How to fix a cracked piece of wood

When wood dries it shrinks and when it shrinks it can split. The sad reality is that if you work with wood, you will eventually have to deal with cracks. Small amounts of cracks can be ignored and add to the charm of the room – these can often be filled in with wood putty. Larger ones, however, especially those at the edge of the wood, can be ugly and compromise the integrity of your project.

A common method for repairing larger cracks is to simply cut them out of your piece and glue the wood back together. This makes the repair almost invisible. Another method, inserting something called a bow tie into your furniture, can turn a split into an aesthetic accent and showcase the natural beauty of the wood.

Warning: DIY projects can be dangerous for even the most experienced makers. Before proceeding with this or any other project on our site, make sure you have all the necessary safety equipment and know how to use it properly. At a minimum, this may include safety glasses, face shield and/or hearing protection. If you use power tools, you need to know how to use them correctly and safely. If you don’t, or if you’re not comfortable with anything described here, don’t try this project.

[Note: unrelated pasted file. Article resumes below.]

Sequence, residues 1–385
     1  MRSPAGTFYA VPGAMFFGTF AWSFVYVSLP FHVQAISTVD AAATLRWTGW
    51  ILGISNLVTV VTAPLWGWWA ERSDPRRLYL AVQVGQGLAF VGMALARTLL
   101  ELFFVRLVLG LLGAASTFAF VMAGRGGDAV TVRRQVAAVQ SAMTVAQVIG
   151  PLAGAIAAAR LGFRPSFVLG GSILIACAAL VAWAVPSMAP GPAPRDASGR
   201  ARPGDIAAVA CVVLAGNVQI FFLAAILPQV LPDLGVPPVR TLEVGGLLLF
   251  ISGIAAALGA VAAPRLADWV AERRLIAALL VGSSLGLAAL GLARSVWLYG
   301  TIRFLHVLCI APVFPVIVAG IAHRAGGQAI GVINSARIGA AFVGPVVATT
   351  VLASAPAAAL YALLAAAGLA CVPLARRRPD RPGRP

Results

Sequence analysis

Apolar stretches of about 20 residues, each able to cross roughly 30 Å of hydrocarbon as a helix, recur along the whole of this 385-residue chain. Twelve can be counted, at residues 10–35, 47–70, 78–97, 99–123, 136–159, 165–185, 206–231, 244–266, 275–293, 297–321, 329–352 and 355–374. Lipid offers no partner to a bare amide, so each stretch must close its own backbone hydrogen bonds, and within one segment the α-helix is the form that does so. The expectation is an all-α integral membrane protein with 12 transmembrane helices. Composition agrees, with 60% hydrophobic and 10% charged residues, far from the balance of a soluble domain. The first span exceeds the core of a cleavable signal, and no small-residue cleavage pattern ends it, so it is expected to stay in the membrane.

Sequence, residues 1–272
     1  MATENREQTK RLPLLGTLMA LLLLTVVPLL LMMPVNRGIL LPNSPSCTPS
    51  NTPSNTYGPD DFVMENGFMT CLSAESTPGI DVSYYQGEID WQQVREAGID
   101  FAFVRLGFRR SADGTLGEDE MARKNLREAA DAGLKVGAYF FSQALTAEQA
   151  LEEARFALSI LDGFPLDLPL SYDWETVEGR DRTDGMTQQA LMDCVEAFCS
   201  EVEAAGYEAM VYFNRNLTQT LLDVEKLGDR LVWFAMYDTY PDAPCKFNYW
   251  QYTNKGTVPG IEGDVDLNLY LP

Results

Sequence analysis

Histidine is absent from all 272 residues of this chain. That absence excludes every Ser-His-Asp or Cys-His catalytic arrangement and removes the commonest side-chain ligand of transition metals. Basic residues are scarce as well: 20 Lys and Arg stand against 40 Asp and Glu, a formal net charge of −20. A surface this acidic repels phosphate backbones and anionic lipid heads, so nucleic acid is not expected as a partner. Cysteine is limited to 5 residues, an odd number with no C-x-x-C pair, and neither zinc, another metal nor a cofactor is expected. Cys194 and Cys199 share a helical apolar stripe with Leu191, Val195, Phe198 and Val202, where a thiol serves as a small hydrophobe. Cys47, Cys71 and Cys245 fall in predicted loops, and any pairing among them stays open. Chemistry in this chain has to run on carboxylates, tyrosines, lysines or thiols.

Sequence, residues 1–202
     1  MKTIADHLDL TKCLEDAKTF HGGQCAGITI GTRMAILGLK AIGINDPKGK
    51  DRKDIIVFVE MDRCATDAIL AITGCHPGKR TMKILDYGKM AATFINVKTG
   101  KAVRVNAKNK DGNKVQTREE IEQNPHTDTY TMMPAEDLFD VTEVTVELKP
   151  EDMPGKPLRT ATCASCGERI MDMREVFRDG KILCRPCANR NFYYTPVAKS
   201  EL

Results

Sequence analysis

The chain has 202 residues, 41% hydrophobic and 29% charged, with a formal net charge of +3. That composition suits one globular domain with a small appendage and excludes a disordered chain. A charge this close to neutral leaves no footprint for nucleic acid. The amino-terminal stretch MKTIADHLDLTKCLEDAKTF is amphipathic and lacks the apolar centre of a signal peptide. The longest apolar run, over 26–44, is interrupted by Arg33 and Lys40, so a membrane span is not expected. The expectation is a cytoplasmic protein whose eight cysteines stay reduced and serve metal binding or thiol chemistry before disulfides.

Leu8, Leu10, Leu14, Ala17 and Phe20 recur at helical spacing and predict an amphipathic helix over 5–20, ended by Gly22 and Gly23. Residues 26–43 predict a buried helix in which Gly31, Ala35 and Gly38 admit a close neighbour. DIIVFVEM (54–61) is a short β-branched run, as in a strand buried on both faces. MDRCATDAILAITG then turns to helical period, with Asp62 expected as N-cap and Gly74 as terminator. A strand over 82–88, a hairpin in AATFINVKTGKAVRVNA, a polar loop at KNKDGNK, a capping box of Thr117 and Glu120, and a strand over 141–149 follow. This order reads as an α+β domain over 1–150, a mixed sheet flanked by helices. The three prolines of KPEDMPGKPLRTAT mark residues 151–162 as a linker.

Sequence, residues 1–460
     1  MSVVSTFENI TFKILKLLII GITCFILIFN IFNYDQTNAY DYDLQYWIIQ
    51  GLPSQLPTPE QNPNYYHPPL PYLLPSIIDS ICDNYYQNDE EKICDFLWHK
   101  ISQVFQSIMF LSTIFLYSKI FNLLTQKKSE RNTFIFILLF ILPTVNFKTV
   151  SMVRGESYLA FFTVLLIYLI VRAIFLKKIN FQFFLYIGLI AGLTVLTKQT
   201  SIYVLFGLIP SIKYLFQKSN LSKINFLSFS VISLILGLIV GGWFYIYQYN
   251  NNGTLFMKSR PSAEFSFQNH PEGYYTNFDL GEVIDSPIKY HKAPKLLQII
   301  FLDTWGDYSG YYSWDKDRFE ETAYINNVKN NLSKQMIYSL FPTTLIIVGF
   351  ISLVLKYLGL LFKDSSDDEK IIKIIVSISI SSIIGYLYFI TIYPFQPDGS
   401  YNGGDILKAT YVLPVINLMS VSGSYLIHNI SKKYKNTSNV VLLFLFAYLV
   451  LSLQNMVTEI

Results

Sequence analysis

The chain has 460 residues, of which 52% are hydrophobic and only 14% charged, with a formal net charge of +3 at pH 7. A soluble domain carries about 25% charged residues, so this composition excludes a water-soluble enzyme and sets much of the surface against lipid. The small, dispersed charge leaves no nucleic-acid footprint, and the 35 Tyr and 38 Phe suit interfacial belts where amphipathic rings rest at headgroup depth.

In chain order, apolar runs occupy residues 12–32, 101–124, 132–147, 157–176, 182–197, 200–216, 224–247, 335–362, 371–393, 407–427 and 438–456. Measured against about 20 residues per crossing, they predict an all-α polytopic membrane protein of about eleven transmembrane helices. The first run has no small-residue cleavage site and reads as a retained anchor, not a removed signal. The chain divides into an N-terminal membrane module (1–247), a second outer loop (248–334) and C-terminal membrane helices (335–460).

The cut-and-paste method


  • Time: less than 1 hour (excluding drying time)
  • Material cost: $5 to $10
  • Difficulty: Easy




It’s the fastest and easiest way to repair fine cracks in wood. All you have to do is cut straight into and along the slot with a table saw or circular saw, then continue the cut to the other side of the piece. Make more than one pass if the break is wider than your blade. Once the crack is gone, re-glue the seam using pliers to apply even pressure, and your furniture should be like new.

[Related: How to tune up your table saw]